Above: The rails still remain in place at Hellandbridge in Cornwall, where freight trains used to run between the houses on their way to and from the china clay dries at Wenfordbridge. This was a popular spot for railway photographers to catch Beattie Well Tanks or GWR Pannier Tanks in action, although Class 08 diesel shunters were the norm by the time the line closed in the late 1970s. March 2005. (Kevin Arnold)

Above: Wadebridge station is now the John Betjeman Centre, reflecting the former poet laureate's great love of this part of Cornwall, as hinted at by this extract from 'Summoned by Bells', his autobiography in verse: 'On Wadebridge Station, what a breath of sea / Scented the Camel Valley! Cornish air, / Soft Cornish rains, and silence after steam ...' March 2005. (Kevin Arnold)
Above: The railway path that follows the Camel Valley between Wadebridge and Padstow is one of the most scenic to be found anywhere in the country. About a mile before Padstow, the old line crosses Little Petherick Creek by this three-span girder bridge, which once rumbled to passing Drummond T9s, perhaps hauling the Padstow section of the Atlantic Coast Express. Nowadays, the route is extremely popular with walkers and cyclists. The obeslisk just visible atop Dennis Hill (upper left) was erected by the people of Padstow to celebrate one of Queen Victoria's jubilees. March 2005. (Kevin Arnold)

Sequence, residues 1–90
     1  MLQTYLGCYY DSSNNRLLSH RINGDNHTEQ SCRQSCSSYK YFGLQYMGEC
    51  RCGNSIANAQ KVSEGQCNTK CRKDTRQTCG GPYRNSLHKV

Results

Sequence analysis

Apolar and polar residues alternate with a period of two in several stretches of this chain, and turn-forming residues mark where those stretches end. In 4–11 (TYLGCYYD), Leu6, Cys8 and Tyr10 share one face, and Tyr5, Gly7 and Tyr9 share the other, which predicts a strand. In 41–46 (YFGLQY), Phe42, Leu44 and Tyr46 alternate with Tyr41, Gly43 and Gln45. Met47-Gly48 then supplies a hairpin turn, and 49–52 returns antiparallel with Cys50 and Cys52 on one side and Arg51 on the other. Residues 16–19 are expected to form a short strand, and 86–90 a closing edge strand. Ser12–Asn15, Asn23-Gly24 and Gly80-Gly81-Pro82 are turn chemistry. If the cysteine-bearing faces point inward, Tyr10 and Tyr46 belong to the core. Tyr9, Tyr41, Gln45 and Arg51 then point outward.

Above: The girder bridge over Little Petherick Creek, photographed across the mudflats at low tide. From a scene such as this, it would be easy to imagine that trains still ran, but all services were withdrawn in January 1967. The branch was listed for closure under the Beeching proposals but hung on only to be closed by Barbara Castle, the then Labour government's Minister of State for Transport. March 2005. (Kevin Arnold)
Above: Padstow station survives to this day, serving a variety of purposes including meeting chamber for the local town council and excise office for the nearby harbour. However, the white-lined platform edge is now securely fenced off, and the signs for 'Coach Bays' declare the supremacy of road transport in this picturesque Cornish fishing town. March 2005. (Kevin Arnold)
Above: When exploring the remains of the Longmoor Military Railway, our photographer passed through the Army's Longmoor Camp, where he found a section of embankment, complete with track and a short train. It was not clear whether this was a memorial to the extensive military railway that was once based here, or a 'prop' for military exercises. The fact that the train was not shot to pieces suggests the former! October 2004. (Tim Grose)
Left: North of Heathfield in East Sussex, most of the former railway from Polegate to Eridge is privately owned. However, in March 2005, the club's Chairman, Richard Martin, arranged a visit to surviving sections of the line, with the landowners' permission. This is all that remains of the signal which once protected Redgate Mill Junction, where the branch joined the main line from Brighton to Tunbridge Wells via Lewes, Uckfield and Groombridge. As can be seen, silver birch now predominates. March 2005. (Kevin Arnold)